How Idle-stop Systems Work

Can idle-stop systems reduce fuel consumption?
Can idle-stop systems reduce fuel consumption?
Tim Graham/Getty Images

It's that dreaded image no one wants to see when they're getting onto the highway -- a flat, hazy sea of cars that are stuck bumper to bumper, barely moving an inch when some space frees up. The experience of being trapped in a traffic jam is hard enough psychologically for most people. Usually we're late for a meeting or some other appointment, so the stress of being unable to get to your destination as easily as possible can be upsetting. Plus, you're fully enclosed in your car, strapped in by your seatbelt and things tend to get a little claustrophobic. Unless you choose to abandon your car, you don't have anywhere to go until traffic clears up.

Coupled with all of these traumas is the fact that when you sit in traffic, your car is still running, and it continues to burn gas. On hot summer days, even if you're inside an air-conditioned car, you can almost feel the heat coming from all of the exhaust pipes surrounding you on the road. So as it turns out, as you sit there in traffic, you're not just stressing about being stuck in one place, but technically you're throwing money out the window, too. A car with its engine simply running, either sitting still or creeping along ever so slowly, is one of the least efficient ways to burn gas.

And, of course, it's not just bad for your wallet; it negatively affects the regional air quality by creating air pollution and contributing to global warming. Carbon emissions released by your engine as a result of the process of internal combustion -- the burning of fossil fuels to create power -- float up into the atmosphere, creating smog and increasing local temperatures. This is known as the heat island effect in large metropolitan areas.

With many drivers' minds on the environment and the increasing costs of oil production and consumption these days, people are looking for alternatives to the conventional gasoline engine. One way to combat the issue of frequently stopping, starting and standing still is a technology that can seamlessly switch your engine on and off depending on how your vehicle is operating. An idle-stop system, also commonly know as a start-stop system, is essentially what makes up today's increasingly popular so-called mild hybrids.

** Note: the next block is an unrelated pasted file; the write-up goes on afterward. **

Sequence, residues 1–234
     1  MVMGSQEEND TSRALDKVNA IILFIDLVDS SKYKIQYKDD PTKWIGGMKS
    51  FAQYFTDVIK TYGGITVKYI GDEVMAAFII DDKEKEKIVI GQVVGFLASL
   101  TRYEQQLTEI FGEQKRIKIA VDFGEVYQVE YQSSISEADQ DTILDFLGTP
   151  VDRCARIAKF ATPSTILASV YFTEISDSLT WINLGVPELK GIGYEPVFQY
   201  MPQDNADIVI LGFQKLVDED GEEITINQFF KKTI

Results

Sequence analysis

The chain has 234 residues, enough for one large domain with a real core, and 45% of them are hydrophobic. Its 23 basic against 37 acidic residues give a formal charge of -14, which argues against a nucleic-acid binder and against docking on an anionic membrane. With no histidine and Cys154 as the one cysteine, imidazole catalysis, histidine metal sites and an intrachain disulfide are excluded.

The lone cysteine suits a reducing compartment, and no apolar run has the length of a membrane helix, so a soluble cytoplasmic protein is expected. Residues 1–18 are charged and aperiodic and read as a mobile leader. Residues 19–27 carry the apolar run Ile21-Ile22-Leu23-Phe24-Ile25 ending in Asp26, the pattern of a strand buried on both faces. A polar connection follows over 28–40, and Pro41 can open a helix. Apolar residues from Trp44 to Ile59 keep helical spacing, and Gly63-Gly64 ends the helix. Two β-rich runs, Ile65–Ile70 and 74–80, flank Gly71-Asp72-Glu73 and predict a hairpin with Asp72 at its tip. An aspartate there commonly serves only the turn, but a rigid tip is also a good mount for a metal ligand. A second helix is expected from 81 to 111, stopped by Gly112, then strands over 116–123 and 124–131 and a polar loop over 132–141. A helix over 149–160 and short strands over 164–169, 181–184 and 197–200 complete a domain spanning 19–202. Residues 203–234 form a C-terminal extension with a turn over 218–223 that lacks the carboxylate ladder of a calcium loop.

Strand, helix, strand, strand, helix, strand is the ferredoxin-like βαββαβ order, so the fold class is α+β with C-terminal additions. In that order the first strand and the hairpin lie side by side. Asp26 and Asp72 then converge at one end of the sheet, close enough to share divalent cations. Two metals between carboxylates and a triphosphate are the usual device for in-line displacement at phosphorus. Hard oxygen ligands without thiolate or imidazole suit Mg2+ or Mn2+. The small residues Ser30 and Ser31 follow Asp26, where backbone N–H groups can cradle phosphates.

Idle-stop and Mild Hybrid Systems

Idle-stop systems help so-called mild hybrids save gas by shutting down the engine when a vehicle comes to a halt.
Idle-stop systems help so-called mild hybrids save gas by shutting down the engine when a vehicle comes to a halt.
Philip Kramer/Getty Images

Although "full" hybrid technology is understandably receiving lots of buzz in recent years, especially now that the auto industry is undergoing such upheaval, mild hybrids are also getting some attention lately. Despite the name, mild hybrids aren't technically hybrid cars. They're actually conventional vehicles that use internal combustion to turn gasoline into energy and rotational motion, propelling a vehicle forward. There is no electric motor in a mild hybrid to move the car, and although there's a battery, it serves a different purpose than a battery does in a full hybrid.

The battery in a mild hybrid is still very important, but its main purpose is as a part of the idle-stop system that shuts off the gasoline engine when a mild hybrid is at rest, coasting or slowing down. For instance, a stop at a red light at an intersection will cause the engine to cut off. When the car is idle, no gas will burn inside the engine. Once the light turns green and the driver applies pressure to the gas pedal, the engine should switch back on seamlessly, as though it hadn't been turned off at all.